Once and a while you’ll get the newest shining star of the BBQ world, and obviously what follows is a media storm of accolades and high praise! Matt Horn might be your average Californian who is getting a lot of attention in a very short amount of time, but is his BBQ technique measuring up against others who were born and raised around the smoking pit? Here’s an honest insight into what Matt Horn is doing to influence the new California BBQ craze.
What is California BBQ?
Like many things that happen on the west coast, if something is good, then everyone has to get on the bandwagon. Just like the success story of Spago and Chef Wolfgang Puck, who started the revolutionary California Cuisine menu in the 80s. Well, not exactly… Ed LaDou was the first to create this style using a new concept called Farm to Table’ cooking when he worked at Chez Panisse in Berkley, California.
This concept is not uncommon, since many of the radical ideas that come from Northern California emerge as eco-friendly solutions. And this is where Matt Horn uses the same concept with his vision of ‘Clean Oxygen-Rich Fire’. Honestly, you can’t make this stuff up. But, then again- this is California that we’re talking about, and for Matt Horn, it’s just another success story that might be more fluff than proof in the pudding.
Trial and error
Matt admits he practically grew up in Fresno but also mentions that his grandparents grew up in the south. Yet, goes on to specify that his style of BBQ is closer to central Texas-style BBQ! It couldn’t be more evident that his smoked meats are all using seasoned white oak, which is prominent in Central-Texas BBQ- Even the Texas pitmaster Aaron Franklin admits that seasoned white oak gives smoked brisket a smoky sweetness similar to Kentucky bourbon.
And though he claims that he has relatives who grew up in Oklahoma, Louisiana, Texas, and Alabama who all shared a BBQ experience, it was his grandmother who lived in Fresno who taught Matt how to smoke his meats. He has also said time and time again that he learned how to smoke meats for many years, but according to his own words from his book, “The first brisket I ever cooked was untrimmed and cooked it too hot and too fast”- Pg. 26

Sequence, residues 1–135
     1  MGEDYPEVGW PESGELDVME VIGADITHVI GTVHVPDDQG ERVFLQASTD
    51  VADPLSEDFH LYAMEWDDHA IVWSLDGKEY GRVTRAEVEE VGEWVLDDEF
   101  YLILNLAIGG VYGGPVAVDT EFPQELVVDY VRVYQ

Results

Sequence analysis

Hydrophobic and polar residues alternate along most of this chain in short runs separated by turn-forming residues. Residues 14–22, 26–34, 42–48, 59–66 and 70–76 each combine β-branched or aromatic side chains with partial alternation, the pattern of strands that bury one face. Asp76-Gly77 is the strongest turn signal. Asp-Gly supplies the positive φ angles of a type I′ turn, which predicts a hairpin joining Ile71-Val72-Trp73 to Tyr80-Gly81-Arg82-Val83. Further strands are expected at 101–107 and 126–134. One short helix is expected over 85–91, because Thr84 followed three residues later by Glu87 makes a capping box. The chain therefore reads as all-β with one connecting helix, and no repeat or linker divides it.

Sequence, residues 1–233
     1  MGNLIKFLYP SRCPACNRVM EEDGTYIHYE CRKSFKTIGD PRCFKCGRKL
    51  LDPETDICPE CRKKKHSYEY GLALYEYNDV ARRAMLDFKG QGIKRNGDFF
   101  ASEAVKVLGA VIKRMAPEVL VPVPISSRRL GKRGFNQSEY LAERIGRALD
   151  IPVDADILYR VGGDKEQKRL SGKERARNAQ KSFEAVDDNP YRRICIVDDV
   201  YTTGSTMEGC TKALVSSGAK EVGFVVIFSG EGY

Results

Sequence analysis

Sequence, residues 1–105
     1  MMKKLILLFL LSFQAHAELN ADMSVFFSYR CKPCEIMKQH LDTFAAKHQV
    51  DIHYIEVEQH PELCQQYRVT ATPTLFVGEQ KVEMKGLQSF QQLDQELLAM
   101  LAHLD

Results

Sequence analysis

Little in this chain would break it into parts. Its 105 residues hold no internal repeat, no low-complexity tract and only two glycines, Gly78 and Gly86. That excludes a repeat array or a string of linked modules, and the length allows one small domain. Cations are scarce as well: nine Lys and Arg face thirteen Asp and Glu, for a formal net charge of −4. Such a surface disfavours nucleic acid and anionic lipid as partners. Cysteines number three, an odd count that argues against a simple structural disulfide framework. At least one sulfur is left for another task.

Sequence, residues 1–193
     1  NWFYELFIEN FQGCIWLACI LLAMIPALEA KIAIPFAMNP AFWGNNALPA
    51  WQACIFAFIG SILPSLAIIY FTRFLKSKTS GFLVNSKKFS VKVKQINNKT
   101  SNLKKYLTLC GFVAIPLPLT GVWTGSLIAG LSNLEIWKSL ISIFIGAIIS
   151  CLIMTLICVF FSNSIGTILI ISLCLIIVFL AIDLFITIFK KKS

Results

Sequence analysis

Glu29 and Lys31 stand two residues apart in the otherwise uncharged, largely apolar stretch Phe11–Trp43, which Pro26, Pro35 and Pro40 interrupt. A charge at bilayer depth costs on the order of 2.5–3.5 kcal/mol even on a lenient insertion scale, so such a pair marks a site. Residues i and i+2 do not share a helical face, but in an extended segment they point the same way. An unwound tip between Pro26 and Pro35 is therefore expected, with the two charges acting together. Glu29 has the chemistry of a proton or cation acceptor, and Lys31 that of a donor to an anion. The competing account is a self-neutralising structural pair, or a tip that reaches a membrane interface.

He also states that his Grandmother taught him to use seasoned Mesquite wood- Pg. 22, which gave the meat a distinct texture and flavor. But perhaps white oak suits his tastes now… When he had enough experience, that’s when he started to make BBQ at farmer’s markets and various locations in the Bay Area. It was often hit or miss pitching a tent and grilling up BBQ at these various open market locations.
Pop-Up BBQ ambitions
Matt started to take his BBQ game to the next level in 2016 when he purchased an offset mobile smoker and would travel to many more locations cooking smoked meats and side dishes. He finally secured a deal with a local Oakland microbrewery called Ale Industries which helped tie in an alcoholic beverage that he would sell with his BBQ menu. Heavily using social media and photos of his food attracted fans that grew to 3000 in less than a few months.
After this, Matt started doing BBQ Pop-ups in other states including Georgia, Texas, and Wyoming in addition to California. The press wasted no time calling Matt Horn the newest rising star of the Bay Area. After 2019, he finally had enough to open his own brick-and-mortar location aptly named Horn Barbecue. Everything was going to plan until the city of Oakland had a problem with his location using any kind of wood-burning grills.
The pandemic, BLM, and black pride
Matt admits that his dedication to becoming a known name in the BBQ industry is a tough nut to crack. Famous blacks in the BBQ circle are often lesser-known but include Kansas City’s Henry Perry, Rodney Scott, and Desiree Robinson (who recently was inducted into the BBQ Hall of Fame in 2020). Much of Matt’s passion for barbecue has also followed the turmoil of the BLM riots and oppression that many blacks face in society across America.
He’s not shy to talk about the past-time BBQ culture that black people helped to create. His story has been featured even further by Forbes magazine, Food & Wine, The New York Times, and even from the Michelin Guide as an influential New Discovery’. His critics are not far from the sidelines that have tried his BBQ and are not so easily fooled. Some have even called his BBQ lackluster, dry, and way too over-priced.
That hasn’t stopped Matt from starting many new Pop-Up food projects, book deals, and many more marketing stunts. He has done a fine job of helping to feed homeless people for free, but only time will tell if this new wave of California BBQ will change or influence die-hard fans of smoked BBQ in the future.